5. Great coexistence story? I don’t give a rat’s ass about stories. I am not running software to provide stories for your marketing. I want to be able to use the latest software with the least amount of risk, pain, expense and disruption in my business as possible. I want the flexibility to manage my computer systems as my business needs, not yours. If I have to make a migration anyway, I think this is a great opportunity to look at migrating to a different platform. I know Lotus Notes and Domino don’t strong-arm me into purchasing hardware and they come out with major releases about every year.
I don’t know anyone who looks forward to migrating their software. Why on earth would you intentionally build this requirement into the design of your product? That is software suicide.
If you have an executive looking to migrate to Microsoft, share these points to scare some sense into them.
I stumbled upon the wikipedia definition of FUD which happens to showcase IBM and Microsoft for their examples. It is worth reading the entry in its entirety, but here are two good exerpts. While IBM is given credit with the original exploitation, they appear to have abandoned the practice while Microsoft has perfected it:
The idea, of course, was to persuade buyers to go with safe IBM gear rather than with competitors’ equipment. This implicit coercion was traditionally accomplished by promising that Good Things would happen to people who stuck with IBM, but Dark Shadows loomed over the future of competitors’ equipment or software. After 1991 the term has become generalized to refer to any kind of disinformation used as a competitive weapon.
“ Microsoft soon picked up the art of FUD from IBM, and throughout the 80’s used FUD as a primary marketing tool, much as IBM had in the previous decade. They ended up out FUD-ding IBM themselves during the OS2 vs Win3.1 years. ”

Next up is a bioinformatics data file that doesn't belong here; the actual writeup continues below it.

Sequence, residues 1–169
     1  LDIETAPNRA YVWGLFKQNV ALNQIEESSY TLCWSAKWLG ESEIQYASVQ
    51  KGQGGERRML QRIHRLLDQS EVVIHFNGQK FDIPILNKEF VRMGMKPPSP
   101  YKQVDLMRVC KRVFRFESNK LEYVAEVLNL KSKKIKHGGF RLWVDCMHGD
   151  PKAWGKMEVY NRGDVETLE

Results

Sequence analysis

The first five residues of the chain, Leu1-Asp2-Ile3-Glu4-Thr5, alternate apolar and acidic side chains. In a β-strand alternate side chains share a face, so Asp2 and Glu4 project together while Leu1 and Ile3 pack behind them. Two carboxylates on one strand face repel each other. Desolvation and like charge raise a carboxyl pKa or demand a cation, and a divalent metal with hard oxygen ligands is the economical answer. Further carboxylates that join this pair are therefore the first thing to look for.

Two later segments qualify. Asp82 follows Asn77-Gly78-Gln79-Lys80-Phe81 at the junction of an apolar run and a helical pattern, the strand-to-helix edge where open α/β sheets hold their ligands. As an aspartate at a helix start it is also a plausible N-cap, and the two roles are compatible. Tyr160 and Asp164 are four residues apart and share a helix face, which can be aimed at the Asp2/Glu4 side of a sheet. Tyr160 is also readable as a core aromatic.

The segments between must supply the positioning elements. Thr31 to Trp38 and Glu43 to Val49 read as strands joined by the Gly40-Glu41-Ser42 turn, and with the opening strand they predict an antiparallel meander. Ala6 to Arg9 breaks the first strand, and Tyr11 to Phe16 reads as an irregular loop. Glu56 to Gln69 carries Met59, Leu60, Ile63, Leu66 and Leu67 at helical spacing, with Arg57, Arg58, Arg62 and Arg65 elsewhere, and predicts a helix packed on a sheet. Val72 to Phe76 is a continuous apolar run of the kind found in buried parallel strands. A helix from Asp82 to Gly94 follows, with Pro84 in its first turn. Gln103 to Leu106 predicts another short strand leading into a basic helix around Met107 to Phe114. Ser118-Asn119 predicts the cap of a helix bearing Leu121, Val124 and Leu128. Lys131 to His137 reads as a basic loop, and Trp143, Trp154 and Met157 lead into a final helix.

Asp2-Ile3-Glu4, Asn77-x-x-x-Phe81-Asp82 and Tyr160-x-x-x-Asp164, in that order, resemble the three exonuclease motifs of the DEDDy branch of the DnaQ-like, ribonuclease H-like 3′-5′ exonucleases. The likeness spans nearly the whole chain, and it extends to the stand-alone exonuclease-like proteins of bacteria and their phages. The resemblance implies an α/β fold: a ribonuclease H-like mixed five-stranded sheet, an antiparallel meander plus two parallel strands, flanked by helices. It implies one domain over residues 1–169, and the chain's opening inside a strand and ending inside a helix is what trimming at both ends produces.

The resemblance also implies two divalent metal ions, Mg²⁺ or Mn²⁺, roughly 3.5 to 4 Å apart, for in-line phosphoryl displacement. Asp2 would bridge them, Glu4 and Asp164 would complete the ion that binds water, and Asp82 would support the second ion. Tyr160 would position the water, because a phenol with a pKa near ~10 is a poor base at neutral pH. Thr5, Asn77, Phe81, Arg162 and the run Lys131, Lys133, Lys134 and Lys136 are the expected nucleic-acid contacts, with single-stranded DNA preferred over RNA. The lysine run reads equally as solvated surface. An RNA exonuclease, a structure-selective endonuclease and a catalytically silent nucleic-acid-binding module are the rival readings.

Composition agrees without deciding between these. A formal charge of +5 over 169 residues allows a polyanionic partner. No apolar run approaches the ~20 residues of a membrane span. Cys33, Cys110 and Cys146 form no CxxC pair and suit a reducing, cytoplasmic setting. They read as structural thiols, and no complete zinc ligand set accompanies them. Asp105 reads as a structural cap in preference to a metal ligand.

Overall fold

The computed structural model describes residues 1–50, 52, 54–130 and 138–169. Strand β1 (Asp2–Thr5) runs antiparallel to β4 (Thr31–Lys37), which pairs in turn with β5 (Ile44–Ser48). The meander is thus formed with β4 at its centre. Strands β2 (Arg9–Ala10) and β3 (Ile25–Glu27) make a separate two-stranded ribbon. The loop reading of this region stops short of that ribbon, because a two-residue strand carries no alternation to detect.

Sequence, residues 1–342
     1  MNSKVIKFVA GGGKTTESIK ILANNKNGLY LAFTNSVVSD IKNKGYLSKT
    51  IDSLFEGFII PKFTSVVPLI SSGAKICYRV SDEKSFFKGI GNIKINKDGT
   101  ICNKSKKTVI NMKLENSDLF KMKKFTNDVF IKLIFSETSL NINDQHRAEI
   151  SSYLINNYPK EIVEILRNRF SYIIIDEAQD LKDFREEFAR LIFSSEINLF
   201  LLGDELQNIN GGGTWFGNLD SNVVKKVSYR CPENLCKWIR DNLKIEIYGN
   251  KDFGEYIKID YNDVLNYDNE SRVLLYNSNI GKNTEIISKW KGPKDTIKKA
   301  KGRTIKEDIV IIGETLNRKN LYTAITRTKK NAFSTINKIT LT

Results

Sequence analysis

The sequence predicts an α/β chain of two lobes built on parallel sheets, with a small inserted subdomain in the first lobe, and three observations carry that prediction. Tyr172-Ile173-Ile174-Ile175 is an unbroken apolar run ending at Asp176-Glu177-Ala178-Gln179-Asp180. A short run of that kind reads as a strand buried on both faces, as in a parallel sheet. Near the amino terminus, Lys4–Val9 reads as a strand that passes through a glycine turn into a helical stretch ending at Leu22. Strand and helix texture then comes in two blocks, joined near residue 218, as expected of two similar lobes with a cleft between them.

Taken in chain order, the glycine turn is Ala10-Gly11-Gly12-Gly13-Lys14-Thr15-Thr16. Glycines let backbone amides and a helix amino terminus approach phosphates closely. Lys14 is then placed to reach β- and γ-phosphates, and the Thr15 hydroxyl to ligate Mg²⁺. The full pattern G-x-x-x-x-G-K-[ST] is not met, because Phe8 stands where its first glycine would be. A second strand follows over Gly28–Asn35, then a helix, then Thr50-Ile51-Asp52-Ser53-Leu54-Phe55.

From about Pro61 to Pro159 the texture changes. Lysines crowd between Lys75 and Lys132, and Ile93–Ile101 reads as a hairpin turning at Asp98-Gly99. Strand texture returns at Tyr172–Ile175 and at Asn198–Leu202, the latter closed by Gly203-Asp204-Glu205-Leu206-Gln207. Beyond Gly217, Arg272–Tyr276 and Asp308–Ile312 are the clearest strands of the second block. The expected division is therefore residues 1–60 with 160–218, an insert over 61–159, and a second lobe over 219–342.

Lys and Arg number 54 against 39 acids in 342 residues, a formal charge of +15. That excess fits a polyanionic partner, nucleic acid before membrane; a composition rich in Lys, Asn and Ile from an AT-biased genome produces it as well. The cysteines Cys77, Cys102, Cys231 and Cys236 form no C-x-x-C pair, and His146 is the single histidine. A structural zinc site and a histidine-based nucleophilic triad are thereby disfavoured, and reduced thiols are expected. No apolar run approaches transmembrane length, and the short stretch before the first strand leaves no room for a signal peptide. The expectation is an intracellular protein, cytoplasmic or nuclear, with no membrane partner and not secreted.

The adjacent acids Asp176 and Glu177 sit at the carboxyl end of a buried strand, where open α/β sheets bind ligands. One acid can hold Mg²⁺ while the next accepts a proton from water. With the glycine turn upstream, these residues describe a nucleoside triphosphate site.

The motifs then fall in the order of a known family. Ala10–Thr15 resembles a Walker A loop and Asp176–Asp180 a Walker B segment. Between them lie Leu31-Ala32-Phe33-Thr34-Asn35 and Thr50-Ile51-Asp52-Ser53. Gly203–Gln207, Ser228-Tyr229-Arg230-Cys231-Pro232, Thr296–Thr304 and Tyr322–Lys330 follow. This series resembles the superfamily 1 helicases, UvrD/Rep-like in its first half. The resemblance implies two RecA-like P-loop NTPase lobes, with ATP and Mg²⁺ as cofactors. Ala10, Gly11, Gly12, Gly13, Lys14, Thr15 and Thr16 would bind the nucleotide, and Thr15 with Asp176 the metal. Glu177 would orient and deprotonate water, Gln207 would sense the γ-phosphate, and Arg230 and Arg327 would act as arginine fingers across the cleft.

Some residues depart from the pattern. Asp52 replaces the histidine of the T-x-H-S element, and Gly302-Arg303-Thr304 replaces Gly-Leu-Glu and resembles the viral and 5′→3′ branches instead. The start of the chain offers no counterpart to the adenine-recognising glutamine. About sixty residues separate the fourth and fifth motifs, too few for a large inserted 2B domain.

The leaked internal Microsoft “Halloween documents” stated “OSS [Open Source Software] is long-term credible… [therefore] FUD tactics cannot be used to combat it.” Open source software, and the GNU/Linux community in particular, are widely perceived as frequent targets of Microsoft FUD:
- Statements about the “viral nature” of the GNU General Public License (GPL).
- Statements that “…FOSS [Free and open source software] infringes on no fewer than 235 Microsoft patents,” before software patent law precedents were even established.
- Statements that Windows has lower total cost of ownership (TCO) than Linux, in Microsoft’s “Get-The-Facts” campaign. It turned out that they were comparing Linux on a very expensive IBM Mainframe to Windows on a PC.
- Statements that “If an open source software solution breaks, who’s gonna fix it?”
Send your end users to this site: http://www.notesiscool.com/
Better yet, have them add the RSS feed to their Notes client http://www.notesiscool.com/feed/
and remind them to glance at the updates. Publish it and re-publish it to your users often as they will forget.
This will expose them to the coolest features of the software at their fingertips, remind them daily in concrete terms why we all say Notes is cool, and put a feather in your cap as their favorite Notes professional for showing it to them. There are 4 groups of people you MUST give this to:
1. Secretaries and administrative assistants – Your best advocates or worst adversaries depending on what you teach them.
2. Senior executives and vocal Notes nay-sayers – Their position and their loudness makes all the difference.
3. Remote users and road warriors – They have no one to learn the tricks from and yet need them the most.
4. Other Lotus professionals – Make it viral and as common as OpenNTF.org for maximum leverage (Darren, not used as a verb).
This is certainly a cool website. Darren is proving that grass roots campaigns can make all the difference. But it has no value if you don’t give it to the users of the software.
(As commented on Brian M Moore’s post)
I have been calling Lotus technical support for many years. In fact, back in the R3 and R4 days, I think everyone there knew me. At that time the support was structured differently with tiers and so often I would here “Hi David, What’s the issue so I can write it down. I already know if it’s coming from you, I’m going to be escalating it.” Through all of these years I have been very pleased with the support I have received. And trust me, I’ve generated more than my fair share of SPR’s to be solved in future releases.